page 1
page 2
page 3
page 4 page 5
page 6
< prev - next > Social and economic development Social Development KnO 100680_Sustainable Slum Upgrading (Printable PDF)
Sustainable slum upgrading
Practical Action
The management of the operation and maintenance of upgraded infrastructure needs to be under
the control of the recipient, be that the state or the community. An appropriately designed and
implemented intervention that the recipient is able to maintain, and is motivated to maintain is
an indicator of the sustainability of a project. This sense of ownership is crucial for the success
of a physical intervention and has been demonstrated by communities which have been
mobilised to be involved with the upgrading at every step of the implementation. Residents who
contribute financially can aid the community’s buy-in and develop a real sense of ownership.
Upgrading needs to be made affordable to the community, but a successful sense of ownership
can only be achieved with the release of title deeds and security of tenure to the community.
Livelihood generation
Enterprise development and employment opportunities are needed alongside slum upgrading
activities for poverty reduction. Case studies of successful upgrading watsan infrastructure in
Kibera have shown that a key component was the formation of management communities and
jobs created for the facility managers. These jobs helped position the new facilities within the
centre of the community and helped to gain the respect of the society and therefore value of the
project. By valuing the project the community consider the facilities to be an asset to the
community and are more likely to protect it for the future and operate, manage and maintain it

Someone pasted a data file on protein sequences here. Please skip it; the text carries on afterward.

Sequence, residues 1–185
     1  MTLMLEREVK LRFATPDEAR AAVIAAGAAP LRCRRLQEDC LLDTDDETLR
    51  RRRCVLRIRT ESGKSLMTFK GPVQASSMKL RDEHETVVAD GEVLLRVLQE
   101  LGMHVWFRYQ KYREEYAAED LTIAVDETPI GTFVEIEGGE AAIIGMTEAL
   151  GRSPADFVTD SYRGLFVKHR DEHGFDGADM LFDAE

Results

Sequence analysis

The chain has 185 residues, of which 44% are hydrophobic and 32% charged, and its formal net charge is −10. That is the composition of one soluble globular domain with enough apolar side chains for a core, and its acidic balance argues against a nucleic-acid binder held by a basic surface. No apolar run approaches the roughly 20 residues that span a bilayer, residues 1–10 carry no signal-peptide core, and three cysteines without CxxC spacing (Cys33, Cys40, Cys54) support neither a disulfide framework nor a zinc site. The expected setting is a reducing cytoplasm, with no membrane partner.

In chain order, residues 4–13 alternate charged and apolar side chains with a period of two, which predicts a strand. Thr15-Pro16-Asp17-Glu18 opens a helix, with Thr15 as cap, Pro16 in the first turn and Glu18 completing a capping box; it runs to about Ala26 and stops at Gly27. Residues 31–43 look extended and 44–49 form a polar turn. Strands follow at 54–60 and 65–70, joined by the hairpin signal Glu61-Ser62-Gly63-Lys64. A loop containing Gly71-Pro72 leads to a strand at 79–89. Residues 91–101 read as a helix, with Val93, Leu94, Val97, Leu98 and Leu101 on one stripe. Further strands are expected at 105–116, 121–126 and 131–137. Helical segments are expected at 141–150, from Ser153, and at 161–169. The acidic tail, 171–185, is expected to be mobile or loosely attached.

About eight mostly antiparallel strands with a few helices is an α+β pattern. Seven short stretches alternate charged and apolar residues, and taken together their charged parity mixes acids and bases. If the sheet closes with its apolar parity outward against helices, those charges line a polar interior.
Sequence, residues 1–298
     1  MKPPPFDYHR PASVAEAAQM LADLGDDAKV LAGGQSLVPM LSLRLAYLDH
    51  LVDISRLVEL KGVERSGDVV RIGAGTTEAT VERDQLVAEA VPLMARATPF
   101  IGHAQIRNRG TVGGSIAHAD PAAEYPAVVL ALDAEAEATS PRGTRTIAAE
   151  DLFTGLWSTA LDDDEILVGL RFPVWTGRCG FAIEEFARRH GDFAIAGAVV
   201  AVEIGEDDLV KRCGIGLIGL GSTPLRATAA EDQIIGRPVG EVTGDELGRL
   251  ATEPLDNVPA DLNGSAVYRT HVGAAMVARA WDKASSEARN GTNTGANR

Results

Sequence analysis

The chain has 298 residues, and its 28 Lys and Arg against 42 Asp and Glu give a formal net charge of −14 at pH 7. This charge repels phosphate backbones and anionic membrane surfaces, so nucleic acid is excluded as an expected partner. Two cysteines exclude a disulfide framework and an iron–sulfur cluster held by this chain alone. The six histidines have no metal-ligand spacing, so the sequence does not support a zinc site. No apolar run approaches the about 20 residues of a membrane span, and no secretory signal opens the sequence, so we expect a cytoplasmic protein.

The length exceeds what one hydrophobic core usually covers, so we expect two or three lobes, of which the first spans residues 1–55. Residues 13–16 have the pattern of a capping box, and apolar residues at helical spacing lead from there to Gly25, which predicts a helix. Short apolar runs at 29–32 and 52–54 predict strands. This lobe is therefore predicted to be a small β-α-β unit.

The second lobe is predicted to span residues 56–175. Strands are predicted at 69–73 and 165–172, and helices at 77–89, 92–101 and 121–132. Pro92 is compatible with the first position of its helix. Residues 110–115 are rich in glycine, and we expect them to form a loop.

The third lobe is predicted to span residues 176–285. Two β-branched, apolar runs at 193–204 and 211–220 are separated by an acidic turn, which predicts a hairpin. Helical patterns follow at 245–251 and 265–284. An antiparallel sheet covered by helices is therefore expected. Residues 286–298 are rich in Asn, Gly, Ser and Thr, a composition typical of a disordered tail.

as best they can for the good of themselves and future generations, thus supporting
sustainability. Conversely, case studies of slum resettlement projects in India which lacked
enterprise development components resulted in the community being forced to relocate away
from their previous livelihoods due to the situation of available land for the rehabilitation. In this
case, the engagement of an NGO to work with and support communities with their livelihoods
would have been beneficial to better support income generating activities thus enabling
communities to improve their economic mobility.
Cultural differences
There are differences between communities
in different situations which affects the
sustainability of slum upgrading
interventions in those contexts. For
example, in one situation residents may be a
strategic, hardworking and forward looking
population with the hope and desire to
better oneself and the situation of future
generations. Whereas in another, the
perceptions may differ in that there is less
of an emphasis on personally bettering
oneself and more of an expectation of
support from others and particularly the
government with less responsibility on the
individual. It could be interpreted that the
people’s aspirations differ across cultures
which impacts on their hopes and desires.
Aspirations in life may be developed from an
awareness of opportunities, access to
information and education which people in
these developing situations are often
Figure 4: Job creation with watsan
deprived of.
infrastructure upgrading in Kibera, Kenya.
Advantages of slum-dwelling
The slum development discourse has been
led by people who do not reside in slums and often international development professionals
coming from a developed or ‘westernised’ point of view. Such people may consider the physical
manifestation of slums as demeaning in some way of the human ambition. Some more wealthy
people may be repelled and fearful of slums as in a sense the expression of where society needs
to escape from. But research has shown that slum dwellers do not always consider the slum as a
key feature of their lives, but rather their relationships, spirituality, creativity, hope, ambition and